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Banks and other financial institutions make their first appearance in the R&D Scoreboard this year, thanks to the adoption in Europe of new International Financial Reporting Standards (IFRS) that require more extensive disclosure of research and development activities in annual accounts.

Two UK banks declared the biggest R&D investments. Royal Bank of Scotland spent £329m ($565m, €490m), up 9 per cent on 200-5. HSBC spent £245m, up 34 per cent.

RBS and HSBC appear in 11th and 13th position respectively in the overall UK R&D scoreboard, next to the two oil giants Shell (10th) and BP (12th). Indeed, the scoreboard shows that banks, which devote about 1 per cent of sales to R&D, are much more “R&D intensive” than the oil companies, whose spending is only 0.2 or 0.3 per cent of sales.

Other banks with R&D spending above $50m (€40m, £26m) last year include Banca Intesa and Sanpaolo IMI of Italy, Barclays and Standard Chartered of the UK, Rabobank of the Netherlands and Danske Bank of Denmark. Two UK insurance companies – Royal & Sun Alliance (£122m) and Old Mutual – also appear on the scoreboard.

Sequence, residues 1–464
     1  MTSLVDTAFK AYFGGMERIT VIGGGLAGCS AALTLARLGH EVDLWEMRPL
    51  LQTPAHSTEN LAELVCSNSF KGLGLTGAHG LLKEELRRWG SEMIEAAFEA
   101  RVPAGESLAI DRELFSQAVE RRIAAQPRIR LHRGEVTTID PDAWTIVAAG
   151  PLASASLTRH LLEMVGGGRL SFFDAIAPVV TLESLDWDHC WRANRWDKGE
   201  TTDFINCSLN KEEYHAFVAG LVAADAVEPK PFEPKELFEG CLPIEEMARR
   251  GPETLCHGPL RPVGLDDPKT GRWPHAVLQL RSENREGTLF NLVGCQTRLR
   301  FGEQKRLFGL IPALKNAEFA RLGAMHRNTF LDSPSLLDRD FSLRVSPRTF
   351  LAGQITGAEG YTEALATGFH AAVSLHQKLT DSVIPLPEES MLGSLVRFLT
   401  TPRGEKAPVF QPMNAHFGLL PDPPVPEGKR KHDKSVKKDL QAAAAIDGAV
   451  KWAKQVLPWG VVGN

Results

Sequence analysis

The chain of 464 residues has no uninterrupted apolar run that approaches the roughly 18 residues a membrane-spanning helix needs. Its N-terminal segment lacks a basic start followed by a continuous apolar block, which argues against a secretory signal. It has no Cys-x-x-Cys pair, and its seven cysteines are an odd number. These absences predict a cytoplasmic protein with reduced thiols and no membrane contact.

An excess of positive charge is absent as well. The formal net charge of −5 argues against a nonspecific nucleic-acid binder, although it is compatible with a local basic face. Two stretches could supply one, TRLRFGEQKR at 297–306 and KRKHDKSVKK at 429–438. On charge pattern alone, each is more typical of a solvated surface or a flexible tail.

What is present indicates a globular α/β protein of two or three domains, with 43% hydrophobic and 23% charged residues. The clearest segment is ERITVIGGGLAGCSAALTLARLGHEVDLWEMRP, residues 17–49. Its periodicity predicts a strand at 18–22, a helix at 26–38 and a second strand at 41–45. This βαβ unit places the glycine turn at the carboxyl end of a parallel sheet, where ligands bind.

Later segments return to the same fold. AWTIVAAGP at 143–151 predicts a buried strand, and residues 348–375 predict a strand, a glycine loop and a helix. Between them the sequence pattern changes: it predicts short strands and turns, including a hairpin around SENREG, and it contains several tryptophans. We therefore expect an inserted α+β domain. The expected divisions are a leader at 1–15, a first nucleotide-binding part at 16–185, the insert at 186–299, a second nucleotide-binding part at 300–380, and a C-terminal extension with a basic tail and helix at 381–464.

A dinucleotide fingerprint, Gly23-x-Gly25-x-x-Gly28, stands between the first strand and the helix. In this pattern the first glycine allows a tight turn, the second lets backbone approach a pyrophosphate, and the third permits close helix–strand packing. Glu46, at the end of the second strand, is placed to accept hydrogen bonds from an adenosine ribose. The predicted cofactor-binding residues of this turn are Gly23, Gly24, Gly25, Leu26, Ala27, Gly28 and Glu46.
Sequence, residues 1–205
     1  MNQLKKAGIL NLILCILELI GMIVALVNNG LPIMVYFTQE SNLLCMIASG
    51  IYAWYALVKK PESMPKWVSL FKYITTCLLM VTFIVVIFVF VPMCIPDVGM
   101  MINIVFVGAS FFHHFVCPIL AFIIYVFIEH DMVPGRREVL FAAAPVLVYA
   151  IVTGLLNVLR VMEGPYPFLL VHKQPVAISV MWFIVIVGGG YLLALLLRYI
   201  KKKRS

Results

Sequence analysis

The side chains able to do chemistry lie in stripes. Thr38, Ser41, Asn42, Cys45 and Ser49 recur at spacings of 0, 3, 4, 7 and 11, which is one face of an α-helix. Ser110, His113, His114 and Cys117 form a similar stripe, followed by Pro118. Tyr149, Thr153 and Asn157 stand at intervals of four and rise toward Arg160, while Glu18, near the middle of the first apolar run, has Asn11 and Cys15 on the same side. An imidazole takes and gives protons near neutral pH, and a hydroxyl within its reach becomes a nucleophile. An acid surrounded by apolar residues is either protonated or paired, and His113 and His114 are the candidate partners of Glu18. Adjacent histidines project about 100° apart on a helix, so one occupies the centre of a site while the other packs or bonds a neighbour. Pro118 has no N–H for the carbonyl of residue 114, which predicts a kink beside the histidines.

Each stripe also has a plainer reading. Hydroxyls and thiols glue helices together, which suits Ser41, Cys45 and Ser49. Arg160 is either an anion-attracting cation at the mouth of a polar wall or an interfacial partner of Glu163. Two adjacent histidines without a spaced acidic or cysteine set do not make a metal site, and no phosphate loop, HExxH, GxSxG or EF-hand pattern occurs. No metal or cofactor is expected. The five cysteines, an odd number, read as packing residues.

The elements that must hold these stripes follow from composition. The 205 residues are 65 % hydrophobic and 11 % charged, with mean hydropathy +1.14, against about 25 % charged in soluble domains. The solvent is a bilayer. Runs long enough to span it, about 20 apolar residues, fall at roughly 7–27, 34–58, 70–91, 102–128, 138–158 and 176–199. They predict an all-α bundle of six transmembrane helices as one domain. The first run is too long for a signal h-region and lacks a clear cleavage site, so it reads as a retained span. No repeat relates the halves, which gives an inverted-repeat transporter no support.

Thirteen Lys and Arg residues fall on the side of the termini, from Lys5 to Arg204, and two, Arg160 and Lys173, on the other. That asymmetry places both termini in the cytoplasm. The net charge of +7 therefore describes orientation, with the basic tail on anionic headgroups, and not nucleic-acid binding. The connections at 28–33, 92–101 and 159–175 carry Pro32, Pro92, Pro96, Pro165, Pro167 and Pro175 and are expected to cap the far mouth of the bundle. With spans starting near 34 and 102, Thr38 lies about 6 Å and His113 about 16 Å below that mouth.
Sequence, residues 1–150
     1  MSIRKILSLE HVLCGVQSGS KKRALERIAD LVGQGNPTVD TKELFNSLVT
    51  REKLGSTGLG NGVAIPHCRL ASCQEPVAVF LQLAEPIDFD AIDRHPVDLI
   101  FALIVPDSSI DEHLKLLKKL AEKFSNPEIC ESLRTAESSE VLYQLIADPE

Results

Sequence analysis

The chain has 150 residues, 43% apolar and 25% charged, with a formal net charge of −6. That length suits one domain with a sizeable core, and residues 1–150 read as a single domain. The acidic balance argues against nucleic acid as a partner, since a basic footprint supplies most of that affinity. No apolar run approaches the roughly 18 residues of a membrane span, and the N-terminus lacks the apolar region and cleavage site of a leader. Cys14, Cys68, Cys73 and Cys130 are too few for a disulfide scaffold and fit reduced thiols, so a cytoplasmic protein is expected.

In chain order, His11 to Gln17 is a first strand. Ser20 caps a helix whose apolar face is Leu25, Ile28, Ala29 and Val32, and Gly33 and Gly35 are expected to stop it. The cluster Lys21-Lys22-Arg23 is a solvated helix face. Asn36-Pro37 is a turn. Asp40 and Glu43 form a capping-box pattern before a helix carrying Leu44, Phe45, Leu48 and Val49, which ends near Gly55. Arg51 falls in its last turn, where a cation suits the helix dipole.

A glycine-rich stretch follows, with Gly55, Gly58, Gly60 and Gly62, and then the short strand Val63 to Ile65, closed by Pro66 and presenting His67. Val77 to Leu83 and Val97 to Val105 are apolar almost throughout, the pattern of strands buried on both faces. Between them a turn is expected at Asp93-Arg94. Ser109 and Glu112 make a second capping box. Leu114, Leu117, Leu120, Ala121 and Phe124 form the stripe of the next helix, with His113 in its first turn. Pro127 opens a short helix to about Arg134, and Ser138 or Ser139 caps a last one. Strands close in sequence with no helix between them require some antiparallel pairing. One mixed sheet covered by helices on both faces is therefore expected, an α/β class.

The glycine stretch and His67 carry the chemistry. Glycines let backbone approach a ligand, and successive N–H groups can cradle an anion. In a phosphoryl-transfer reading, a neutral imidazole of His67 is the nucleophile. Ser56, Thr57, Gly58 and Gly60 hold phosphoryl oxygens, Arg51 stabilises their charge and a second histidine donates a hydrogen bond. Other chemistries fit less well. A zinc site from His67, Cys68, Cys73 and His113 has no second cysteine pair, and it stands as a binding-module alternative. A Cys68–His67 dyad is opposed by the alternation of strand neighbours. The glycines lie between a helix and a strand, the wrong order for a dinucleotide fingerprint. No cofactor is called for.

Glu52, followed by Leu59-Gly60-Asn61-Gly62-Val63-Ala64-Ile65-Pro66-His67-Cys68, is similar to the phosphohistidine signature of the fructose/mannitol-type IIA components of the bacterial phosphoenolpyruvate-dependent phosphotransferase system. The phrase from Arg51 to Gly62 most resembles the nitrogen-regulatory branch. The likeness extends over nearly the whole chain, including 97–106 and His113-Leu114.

The banks’ R&D represents in-house software development. “All banks are heavily reliant on IT and historically the vast majority of our IT work is done internally,” says the RBS. The banks have capitalised all their R&D spending, in accordance with IFRS requirements for “R&D with predictable outcomes”.

“The main drivers in banks’ increasing investment in R&D are the use of new technology to deliver services and products in a highly competitive environment, both domestically and internationally, and the streamlining and reducing of costs of regulatory reporting and back office functions,” says the British Bankers’ Association.

For the UK in particular, the large financial sector based in London and Edinburgh is an extremely important centre for software development. RBS and HSBC each spends far more on R&D than any individual software company – no UK software company invests more than £100m a year on R&D. The five UK banks in the scoreboard disclose a total of £705m in R&D in 2005-6, compared with £932m for 119 UK software companies.

The financial sector’s R&D disclosure process is still far from complete, as many companies are still getting used to the new reporting standards. Next year there is likely to be a substantial increase in the banks’ reported R&D.

The retail sector is also beginning to make an impact on the scoreboard, as companies invest in their internet operations. Amazon.com and eBay are, not surprisingly, the top-spending retailers, with R&D investments of $542m and $366m respectively. The top-ranked traditional retailer is the UK supermarket group Tesco (£115m).

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